Mid-circuit measurements tools (MCMs)

Introduction

To improve initialization and readout fidelity, we can employ the MCMs. In particular, we will implement the post-selection (PS) and the maximum likelihood 3 readout (ML3).

Maximum-likelihood 3 readout and post-selction

The ML3 RO measurement procedure is implemented at the measurement step. Instead of reading out the state only once (ML1), we perform three measurements back to back. Depending on the 3 measurement outcomes, we assign the qubit's state. It allows us to gain additional information about the qubit state over an extended duration by tracking the trajectory of the state over the three measurements.

To correctly assign the qubit's state, we measure in which 3-measurement combinations you are more likely to be in $\left|0\right\rangle$ or $\left|1\right\rangle$. To characterize the readout, we use the circuit below (Figure 7). We prepare the qubits in $\left|0\right\rangle$ and $\left|1\right\rangle$ state and perform three back-to-back measurements. We calculate the probability of obtaining each of them for each combination of measurement outcomes considering the initial state of the qubit. From these statistics, we can conclude what combination most likely corresponds to what input state.

Post-selection is implemented by doing a qubit measurement right after the initialization. If the qubit is not in the desired state, we disregard the job.

Fig.%201.jpeg (Figure 7. ML-3 RO calibration procedure for one qubit. $m_{j}$,$m_{k}$,$m_{l}$ are the three measurements that characterize the ML-3 RO procedure. With only one job, we fully characterize the ML3 RO (TV mode). First, we prepare the qubit in the $\left|0\right\rangle$ state and we measure it three times. Then, the qubit is initialized in the $\left|1\right\rangle$ state and measured.)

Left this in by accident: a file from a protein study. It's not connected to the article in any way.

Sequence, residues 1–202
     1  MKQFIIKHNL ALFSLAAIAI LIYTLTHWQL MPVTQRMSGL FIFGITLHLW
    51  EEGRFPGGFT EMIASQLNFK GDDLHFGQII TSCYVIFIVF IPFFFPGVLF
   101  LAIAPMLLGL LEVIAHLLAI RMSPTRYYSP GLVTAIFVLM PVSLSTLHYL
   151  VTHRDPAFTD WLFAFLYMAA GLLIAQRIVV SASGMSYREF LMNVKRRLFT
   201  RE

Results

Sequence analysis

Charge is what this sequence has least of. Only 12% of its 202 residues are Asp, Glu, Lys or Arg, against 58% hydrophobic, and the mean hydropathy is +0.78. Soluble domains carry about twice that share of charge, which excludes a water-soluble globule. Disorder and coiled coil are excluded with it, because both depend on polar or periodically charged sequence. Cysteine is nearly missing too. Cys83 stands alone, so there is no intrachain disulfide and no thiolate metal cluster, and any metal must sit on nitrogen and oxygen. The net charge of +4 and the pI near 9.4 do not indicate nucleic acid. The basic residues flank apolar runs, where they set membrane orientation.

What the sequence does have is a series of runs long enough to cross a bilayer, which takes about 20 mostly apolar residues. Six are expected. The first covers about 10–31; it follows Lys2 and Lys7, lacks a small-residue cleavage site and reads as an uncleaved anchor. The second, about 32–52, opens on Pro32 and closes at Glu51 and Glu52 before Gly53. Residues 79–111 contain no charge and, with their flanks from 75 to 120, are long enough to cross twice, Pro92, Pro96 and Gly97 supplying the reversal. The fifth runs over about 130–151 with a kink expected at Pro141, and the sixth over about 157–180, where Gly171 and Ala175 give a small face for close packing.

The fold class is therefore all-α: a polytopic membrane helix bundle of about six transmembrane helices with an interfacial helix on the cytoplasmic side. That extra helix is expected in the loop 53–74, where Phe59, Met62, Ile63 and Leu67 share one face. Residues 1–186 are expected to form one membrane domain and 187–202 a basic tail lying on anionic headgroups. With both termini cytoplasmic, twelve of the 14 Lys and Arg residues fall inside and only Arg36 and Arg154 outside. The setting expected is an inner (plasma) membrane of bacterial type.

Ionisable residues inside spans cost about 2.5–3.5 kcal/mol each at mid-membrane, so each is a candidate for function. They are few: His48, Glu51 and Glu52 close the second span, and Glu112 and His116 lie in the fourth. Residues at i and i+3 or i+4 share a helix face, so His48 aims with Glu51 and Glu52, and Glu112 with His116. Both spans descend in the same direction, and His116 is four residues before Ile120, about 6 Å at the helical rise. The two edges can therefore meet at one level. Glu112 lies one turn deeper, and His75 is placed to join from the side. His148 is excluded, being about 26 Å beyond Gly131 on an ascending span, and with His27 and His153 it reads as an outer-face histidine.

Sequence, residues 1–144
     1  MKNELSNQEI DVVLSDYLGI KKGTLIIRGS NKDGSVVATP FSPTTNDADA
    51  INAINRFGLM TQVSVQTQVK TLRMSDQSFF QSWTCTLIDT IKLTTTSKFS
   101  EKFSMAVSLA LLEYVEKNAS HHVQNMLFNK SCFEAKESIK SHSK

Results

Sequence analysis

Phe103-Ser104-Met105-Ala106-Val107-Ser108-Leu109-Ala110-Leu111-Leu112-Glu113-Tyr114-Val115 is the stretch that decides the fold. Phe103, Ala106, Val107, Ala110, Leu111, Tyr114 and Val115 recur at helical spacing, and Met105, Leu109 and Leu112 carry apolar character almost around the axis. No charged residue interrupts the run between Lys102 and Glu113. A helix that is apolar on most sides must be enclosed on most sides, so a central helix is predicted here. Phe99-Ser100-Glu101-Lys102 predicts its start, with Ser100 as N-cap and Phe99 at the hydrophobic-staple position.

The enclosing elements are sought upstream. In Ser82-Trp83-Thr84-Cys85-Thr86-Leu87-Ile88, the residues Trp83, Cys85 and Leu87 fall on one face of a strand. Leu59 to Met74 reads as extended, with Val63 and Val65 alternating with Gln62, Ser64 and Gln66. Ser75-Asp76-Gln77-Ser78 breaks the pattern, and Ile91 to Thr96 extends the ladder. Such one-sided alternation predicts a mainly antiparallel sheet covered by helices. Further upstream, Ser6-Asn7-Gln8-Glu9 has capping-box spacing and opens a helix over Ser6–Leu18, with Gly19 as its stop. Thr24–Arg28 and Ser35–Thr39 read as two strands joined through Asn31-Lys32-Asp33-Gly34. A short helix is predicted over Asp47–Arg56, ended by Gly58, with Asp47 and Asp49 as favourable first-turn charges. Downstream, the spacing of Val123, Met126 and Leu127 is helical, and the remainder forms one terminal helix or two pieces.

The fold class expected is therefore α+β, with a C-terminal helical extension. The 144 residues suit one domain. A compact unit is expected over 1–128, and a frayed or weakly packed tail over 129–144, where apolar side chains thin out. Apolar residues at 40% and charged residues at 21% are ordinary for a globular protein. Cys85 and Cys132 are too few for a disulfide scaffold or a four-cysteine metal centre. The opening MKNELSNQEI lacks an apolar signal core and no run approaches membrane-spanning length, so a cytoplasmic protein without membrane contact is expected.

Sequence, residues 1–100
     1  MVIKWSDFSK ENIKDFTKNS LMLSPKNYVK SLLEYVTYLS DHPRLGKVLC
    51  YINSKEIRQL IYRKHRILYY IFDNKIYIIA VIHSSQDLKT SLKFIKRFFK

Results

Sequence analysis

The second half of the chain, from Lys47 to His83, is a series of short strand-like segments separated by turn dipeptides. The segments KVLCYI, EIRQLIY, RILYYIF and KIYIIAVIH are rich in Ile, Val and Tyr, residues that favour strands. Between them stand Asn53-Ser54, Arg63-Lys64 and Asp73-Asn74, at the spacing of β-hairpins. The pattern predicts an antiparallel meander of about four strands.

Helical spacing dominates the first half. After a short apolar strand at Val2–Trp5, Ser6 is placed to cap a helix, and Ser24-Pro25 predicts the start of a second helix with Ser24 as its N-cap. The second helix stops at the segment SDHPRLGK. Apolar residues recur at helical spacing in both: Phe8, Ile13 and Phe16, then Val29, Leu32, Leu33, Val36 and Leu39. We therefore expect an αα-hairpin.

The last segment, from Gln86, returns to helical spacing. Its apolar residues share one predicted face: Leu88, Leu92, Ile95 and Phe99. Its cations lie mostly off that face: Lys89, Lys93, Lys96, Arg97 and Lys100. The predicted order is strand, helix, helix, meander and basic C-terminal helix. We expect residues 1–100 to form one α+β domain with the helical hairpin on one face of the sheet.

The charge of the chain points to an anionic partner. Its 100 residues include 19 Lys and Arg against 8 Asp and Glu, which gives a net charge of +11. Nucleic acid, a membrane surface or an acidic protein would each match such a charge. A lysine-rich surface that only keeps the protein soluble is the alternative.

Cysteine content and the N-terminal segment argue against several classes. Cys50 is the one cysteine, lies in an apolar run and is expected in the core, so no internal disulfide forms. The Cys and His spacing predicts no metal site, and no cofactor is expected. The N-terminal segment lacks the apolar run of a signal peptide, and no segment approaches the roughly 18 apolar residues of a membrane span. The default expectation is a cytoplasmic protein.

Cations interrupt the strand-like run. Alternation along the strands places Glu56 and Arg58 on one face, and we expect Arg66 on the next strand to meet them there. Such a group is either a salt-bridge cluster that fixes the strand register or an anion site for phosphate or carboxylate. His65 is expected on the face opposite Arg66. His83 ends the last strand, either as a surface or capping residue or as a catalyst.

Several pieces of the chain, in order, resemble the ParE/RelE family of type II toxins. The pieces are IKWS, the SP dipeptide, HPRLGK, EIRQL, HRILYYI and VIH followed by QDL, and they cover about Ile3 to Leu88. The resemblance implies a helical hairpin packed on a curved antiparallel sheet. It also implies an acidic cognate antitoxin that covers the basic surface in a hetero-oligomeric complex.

You can find the utility functions that we use below to create the local directory and save the data in the public GitHub repository: https://github.com/DiCarloLab-Delft/QuantumInspireUtilities/tree/main

Since some measurement combinations occur very rarely, we acquire a lot of data to get a good statistic of the outcome.

The following function calculates the frequencies of the measurement combinations that are related to the different initial states, the return "i" from the function below is this threshold. This integer number tells us which qubit's state correspond to the 3 bit outcome.

The graphs for each qubit are shown below. If we consider only the first measurement (ML1), we will assign the outcome '011' erroneously to the state $\left|0\right\rangle$. Indeed, we see that we are more likely to measure outcome '011' when the qubit is initialized in $\left|1\right\rangle$. So, we move the threshold one step to the left. Different qubits can have different thresholds to asses the state $\left|0\right\rangle$ or $\left|1\right\rangle$. While the ML1 RO threshold is always between 0 and 1, in the ML3 RO procedure, it can shift over time.

The fractions on the Y-axis indicate the probability to obtain a certain measurement outocome, given the initial state of the qubit. The threshold in the picture discriminates between the $|0\rangle$ and $|1\rangle$ outcome.

Calculating increase in fidelity

To compare the ML3 and ML1 readout procedures we calculate the average assignment fidelity in the two cases. We use the equation

\begin{equation} \label{eq: Hadamard} F_{aa} = 1-\frac{\epsilon_{01} + \epsilon_{10}}{2} \end{equation}

The values of $\epsilon_{01}$ and $\epsilon_{10}$ are the probabilities that we wrongly assign the $\left|1\right\rangle$ and $\left|0\right\rangle$ state respectively.